Reinstatement eludes teacher despite successful grievance

Pattern of misconduct didn’t justify dismissal, but teacher’s dishonesty and accusations damaged the employment relationship beyond repair
By Jeffrey R. Smith
|Canadian Employment Law Today|Last Updated: 02/14/2018

Many occupations have an expected level of professional conduct expected, and certain ones have higher standards than others. Dishonesty and insubordination don’t usually fare well in terms of misconduct warranting dismissal. And sometimes, even if they don’t serve as just cause for dismissal, they might be enough to keep the employee from coming back to work.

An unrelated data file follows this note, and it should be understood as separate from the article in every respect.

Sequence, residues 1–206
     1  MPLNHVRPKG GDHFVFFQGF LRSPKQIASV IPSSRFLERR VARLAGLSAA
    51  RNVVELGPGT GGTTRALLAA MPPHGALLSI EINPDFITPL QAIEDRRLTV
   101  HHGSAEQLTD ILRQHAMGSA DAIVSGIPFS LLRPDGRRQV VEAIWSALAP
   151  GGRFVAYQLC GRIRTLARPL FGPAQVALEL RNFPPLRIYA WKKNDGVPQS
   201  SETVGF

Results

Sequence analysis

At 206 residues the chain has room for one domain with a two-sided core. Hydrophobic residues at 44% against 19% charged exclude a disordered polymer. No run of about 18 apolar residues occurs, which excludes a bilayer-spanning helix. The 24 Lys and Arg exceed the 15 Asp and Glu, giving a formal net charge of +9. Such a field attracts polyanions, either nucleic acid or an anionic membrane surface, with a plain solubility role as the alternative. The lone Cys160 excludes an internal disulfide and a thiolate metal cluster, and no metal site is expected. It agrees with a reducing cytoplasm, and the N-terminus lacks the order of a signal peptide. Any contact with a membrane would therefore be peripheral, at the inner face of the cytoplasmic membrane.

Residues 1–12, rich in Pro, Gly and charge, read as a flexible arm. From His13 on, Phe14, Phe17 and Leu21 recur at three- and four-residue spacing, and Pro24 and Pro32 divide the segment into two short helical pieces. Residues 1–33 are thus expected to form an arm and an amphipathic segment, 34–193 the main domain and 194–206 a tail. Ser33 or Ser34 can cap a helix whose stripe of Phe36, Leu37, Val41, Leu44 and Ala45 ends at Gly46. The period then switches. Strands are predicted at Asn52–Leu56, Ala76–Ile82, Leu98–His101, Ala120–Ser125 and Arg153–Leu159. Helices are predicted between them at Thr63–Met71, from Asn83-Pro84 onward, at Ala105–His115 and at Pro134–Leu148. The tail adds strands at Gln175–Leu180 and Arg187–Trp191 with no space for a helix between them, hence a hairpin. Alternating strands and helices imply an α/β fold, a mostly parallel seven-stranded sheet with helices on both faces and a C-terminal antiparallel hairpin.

An arbitrator has ruled that an Ontario teacher’s termination for professional misconduct was too heavy-handed but reinstatement wasn’t an option because the employment relationship was damaged beyond repair.

Lisa de Santis was an occasional teacher for the Toronto Catholic District School Board beginning in 1999. She worked daily assignments filling in for absent full-time teachers as well as long-term occasional assignments. She was qualified to teach French, so she was in demand to fill in for full-time French teachers.